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Lesser Sunda Islands


Space Shuttle photo STS049-097-054 taken in May 1992 and looking northeast across Tambora.

Tambora is a stratovolcano, forming the Sanggar peninsula of Sumbawa Island. The diameter of the volcano at sea-level is about 38 miles (60 km). Prior to the 1815 eruption, the volcano may have been as tall as 13,000 feet (4,000 m). The 1815 eruption formed a caldera about 4 miles (6 km) in diameter. The caldera is 3,640 feet (1,110 m) deep.

Photo STS047-0071-0083 of Tambora from the Space Shuttle.

The 1815 eruption of Tambora was the largest eruption in historic time. About 150 cubic kilometers of ash were erupted (about 150 times more than the 1980 eruption of Mount St. Helens). Ash fell as far as 800 miles (1,300 km) from the volcano. In central Java and Kalimantan, 550 miles (900 km) from the eruption, one centimeter of ash fell. The Volcanic Explosivity of the eruption was 7. The eruption column reached a height of about 28 miles (44 km). The collapse of the eruption column produced numerous pyroclastic flows. As these hot pyroclastic flows reached the ocean where they caused additional explosions. During these explosions, most of the fine-fraction of the ash was removed. The eruption formed a caldera. An estimated 92,000 people were killed by the eruption. About 10,000 direct deaths were caused by bomb impacts, tephra fall, and pyroclastic flows. An estimated 82,000 were killed indirectly by the eruption by starvation, disease, and hunger.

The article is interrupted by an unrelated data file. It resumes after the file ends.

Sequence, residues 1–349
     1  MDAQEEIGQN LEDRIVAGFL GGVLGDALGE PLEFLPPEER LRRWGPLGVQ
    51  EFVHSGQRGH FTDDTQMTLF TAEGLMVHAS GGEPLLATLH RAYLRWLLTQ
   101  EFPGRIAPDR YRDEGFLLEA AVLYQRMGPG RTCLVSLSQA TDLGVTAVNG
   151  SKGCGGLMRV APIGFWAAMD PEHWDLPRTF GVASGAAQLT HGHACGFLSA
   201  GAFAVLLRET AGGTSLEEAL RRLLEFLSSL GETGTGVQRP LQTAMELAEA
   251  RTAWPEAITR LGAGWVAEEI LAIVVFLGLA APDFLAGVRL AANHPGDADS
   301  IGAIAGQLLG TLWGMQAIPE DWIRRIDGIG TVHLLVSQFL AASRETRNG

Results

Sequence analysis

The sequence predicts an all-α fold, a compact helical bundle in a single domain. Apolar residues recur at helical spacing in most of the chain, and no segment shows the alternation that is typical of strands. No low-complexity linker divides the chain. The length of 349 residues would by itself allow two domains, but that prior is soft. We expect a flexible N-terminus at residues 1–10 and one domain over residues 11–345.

Photo STS068-0263-0008 of Tambora from the Space Shuttle.

The 1815 eruption of Tambora caused the "Year without a Summer." Daily minimum temperatures were abnormally low in the northern hemisphere from late spring to early autumn. Famine was widespread because of crop failures.


Francis, P., 1994, Volcanoes a planetary perspective: Oxford University Press, New York, 443 p.

Self, S., Rampino, M.R., Newton, M.S., and Wolff, J.A., 1989, Volcanological Study of the Great Tambora Eruption of 1815: Geology, v. 12, p. 659-663.

Sigurdsson, H., and Carey, S., 1989, Plinian and Co-Igmibrite Tephra Fall from the 1815 Eruption of Tambora Volcano: Bulletin of Volcanology, v. 51, p. 243-270.

Stothers, R.B., 1984, The Great Tambora Eruption of 1815 and Its Aftermath: Science, v. 224, 1191-1198.